We need something now' before Cambridge Biomedical Campus hits gridlock says city council leader Cllr Lewis Herbert
There are fears one of city's fastest growing employment centres could grind to a halt unless something is done to fix the traffic situation.
Thousands more people are expected to be moving to the Cambridge Biomedical Campus over the coming year as AstraZeneca, Abcam and the new Papworth Hospital get ready to open new premises on the site around Addenbrooke’s Hospital.
Fears have already been raised over what the additional commuters could do to traffic in the area, with some worrying ambulances trying to access the hospital could even be held up. Now, there have been calls for something to be done to alleviate the situation before it becomes even worse.
Speaking at the Cambridgeshire and Peterborough Combined Authority’s annual meeting yesterday (Wednesday), mayor James Palmer said that, while he opposed park and ride sites as long-term solutions, he did think they had a part to play as short-term fixes until a “world-class transport system” including a city metro, could be built.
There were warnings, however, that action needed to be taken quickly, as problems would arise long before a metro could be built.
Cllr Lewis Herbert, the Labour leader of Cambridge City Council, said: “We are going to have gridlock there before the metro is built. We need something there now.”
He said Park & Ride sites were a “finger in the dike”, and a “stopgap” solution, but said a larger park and ride at Trumpington was “essential” until a bigger scheme could be implemented.
Cllr Bridget Smith, the Liberal Democrat leader of South Cambridgeshire District Council, said businesses were struggling now, and would lose confidence in both the Combined Authority and the Greater Cambridge Partnership – another organisation set up to ensure sustainable growth in the region – if they could not work together on a solution.
Cllr Smith said: “Businesses are having recruitment issues now, and their staff are struggling to get into work now.”
Greater Cambridge Partnership assembly member Claire Ruskin, of Cambridge Network, said she was unsure why Park & Rides could not be part of the solution in helping to address some of the problems that could arise at the Biomedical Campus.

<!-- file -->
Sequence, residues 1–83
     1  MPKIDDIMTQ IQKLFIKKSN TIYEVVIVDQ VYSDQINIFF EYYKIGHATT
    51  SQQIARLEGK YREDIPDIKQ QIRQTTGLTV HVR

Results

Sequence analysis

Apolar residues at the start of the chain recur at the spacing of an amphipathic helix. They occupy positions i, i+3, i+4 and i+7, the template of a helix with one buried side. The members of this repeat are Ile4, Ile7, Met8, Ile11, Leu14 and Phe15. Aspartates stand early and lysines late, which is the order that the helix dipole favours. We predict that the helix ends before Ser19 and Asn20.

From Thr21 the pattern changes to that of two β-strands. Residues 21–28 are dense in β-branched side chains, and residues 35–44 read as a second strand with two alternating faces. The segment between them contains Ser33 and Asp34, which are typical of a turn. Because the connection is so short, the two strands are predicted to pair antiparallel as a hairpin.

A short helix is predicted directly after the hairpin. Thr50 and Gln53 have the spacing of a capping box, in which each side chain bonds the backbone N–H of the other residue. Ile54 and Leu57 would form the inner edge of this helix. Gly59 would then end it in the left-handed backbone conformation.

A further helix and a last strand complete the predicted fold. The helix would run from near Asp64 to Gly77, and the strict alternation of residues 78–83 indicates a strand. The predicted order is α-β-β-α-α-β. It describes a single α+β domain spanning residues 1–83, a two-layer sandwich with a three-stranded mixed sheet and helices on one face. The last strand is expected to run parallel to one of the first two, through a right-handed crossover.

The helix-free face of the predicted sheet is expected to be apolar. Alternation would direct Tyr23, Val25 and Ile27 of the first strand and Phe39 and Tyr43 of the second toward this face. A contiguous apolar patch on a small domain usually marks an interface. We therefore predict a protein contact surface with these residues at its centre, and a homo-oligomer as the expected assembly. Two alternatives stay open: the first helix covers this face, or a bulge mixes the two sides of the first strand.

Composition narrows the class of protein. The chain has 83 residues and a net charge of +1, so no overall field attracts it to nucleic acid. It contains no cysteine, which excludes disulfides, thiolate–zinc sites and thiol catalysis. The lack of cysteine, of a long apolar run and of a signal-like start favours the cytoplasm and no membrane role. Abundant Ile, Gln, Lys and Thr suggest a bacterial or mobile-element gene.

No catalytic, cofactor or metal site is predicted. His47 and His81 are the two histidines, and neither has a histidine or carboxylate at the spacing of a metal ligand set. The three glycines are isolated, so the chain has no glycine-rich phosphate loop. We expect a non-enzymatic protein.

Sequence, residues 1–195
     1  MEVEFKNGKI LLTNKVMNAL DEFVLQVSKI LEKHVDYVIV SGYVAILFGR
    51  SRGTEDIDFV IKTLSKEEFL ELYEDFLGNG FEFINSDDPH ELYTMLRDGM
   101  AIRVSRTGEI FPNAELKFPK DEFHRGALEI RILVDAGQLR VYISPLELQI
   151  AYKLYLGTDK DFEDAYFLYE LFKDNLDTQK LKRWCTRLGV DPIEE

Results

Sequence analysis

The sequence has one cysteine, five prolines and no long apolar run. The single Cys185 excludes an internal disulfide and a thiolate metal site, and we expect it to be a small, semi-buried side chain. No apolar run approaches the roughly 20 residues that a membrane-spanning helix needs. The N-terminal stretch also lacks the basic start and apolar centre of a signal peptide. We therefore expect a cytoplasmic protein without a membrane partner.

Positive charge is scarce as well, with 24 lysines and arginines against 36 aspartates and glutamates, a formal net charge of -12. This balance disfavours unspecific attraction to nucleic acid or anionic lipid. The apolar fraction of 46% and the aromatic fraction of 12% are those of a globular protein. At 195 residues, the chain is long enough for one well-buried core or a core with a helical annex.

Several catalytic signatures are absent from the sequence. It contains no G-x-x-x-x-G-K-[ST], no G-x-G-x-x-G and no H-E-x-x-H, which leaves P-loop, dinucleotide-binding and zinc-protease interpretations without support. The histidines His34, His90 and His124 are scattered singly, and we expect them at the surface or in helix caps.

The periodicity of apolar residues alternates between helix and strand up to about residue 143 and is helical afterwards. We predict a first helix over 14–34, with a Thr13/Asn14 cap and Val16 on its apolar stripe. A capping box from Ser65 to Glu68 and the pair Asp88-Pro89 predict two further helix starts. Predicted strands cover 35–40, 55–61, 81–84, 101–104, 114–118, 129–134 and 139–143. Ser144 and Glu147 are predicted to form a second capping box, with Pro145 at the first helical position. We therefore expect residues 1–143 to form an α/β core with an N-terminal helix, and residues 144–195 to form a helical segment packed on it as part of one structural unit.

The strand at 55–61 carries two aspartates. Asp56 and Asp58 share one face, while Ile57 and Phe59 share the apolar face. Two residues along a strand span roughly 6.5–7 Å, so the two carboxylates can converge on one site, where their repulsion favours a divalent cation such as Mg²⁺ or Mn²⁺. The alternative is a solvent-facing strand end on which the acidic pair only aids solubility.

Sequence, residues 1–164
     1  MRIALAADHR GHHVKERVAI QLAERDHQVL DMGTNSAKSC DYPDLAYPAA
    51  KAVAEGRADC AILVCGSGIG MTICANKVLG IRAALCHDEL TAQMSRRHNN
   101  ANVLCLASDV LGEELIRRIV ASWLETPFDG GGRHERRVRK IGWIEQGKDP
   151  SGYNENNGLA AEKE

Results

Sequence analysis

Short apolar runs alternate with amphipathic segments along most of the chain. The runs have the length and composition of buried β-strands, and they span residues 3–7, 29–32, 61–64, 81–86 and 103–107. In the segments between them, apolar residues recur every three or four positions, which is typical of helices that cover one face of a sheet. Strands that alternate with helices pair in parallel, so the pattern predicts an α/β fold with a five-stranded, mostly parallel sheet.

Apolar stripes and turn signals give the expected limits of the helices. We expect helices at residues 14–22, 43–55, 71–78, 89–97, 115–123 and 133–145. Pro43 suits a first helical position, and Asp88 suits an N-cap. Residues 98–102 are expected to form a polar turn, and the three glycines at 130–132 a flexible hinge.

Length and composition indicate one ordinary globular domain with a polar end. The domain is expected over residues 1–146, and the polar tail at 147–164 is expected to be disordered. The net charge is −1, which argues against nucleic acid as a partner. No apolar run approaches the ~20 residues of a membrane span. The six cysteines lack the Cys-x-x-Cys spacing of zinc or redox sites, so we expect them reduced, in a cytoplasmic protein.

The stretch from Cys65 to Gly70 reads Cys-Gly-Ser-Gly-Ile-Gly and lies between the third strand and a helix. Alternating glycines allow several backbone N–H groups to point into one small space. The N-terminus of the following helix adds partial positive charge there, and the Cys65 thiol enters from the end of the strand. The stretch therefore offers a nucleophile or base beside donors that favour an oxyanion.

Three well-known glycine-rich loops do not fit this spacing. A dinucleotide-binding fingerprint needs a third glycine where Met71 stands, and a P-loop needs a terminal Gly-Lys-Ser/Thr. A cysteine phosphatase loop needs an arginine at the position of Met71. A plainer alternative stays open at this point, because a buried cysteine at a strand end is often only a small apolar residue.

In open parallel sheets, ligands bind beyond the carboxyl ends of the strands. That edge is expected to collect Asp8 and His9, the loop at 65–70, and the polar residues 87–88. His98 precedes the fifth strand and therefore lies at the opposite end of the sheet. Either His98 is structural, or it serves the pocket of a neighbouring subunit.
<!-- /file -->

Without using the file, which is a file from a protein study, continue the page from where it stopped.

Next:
She said: “In the short term I have not heard any evidence that Park & Ride schemes won’t help, especially looking at the huge and obvious growth of the Addenbrooke’s site this year. I believe that GCP has far more evidence from business and residents than the Combined Authority has to date and I strongly believe we need to do something now.”
James Palmer, mayor of the Cambridgeshire and Peterborough Combined Authority, reassured those present that there was “never any intention” to close the Park & Rides near the site “in the short-term”, but said that, in the long run, he was still very much opposed to them and that he regarded them as “part of the problem” rather than part of the solution.
“There has never been any intention to stop the short term solutions around the city,” said Mr Palmer. “I do not see Park & Rides as part of the long-term solution to the problems we face.”
Mr Palmer said his ambition was for Cambridge to have a “world-class” transport system.
He acknowledged that the area around Cambridge Biomedical Campus was experiencing “significant growth” with the arrival of AstraZeneca and other companies in the coming year, and said it would take more than Park & Rides to address the problem.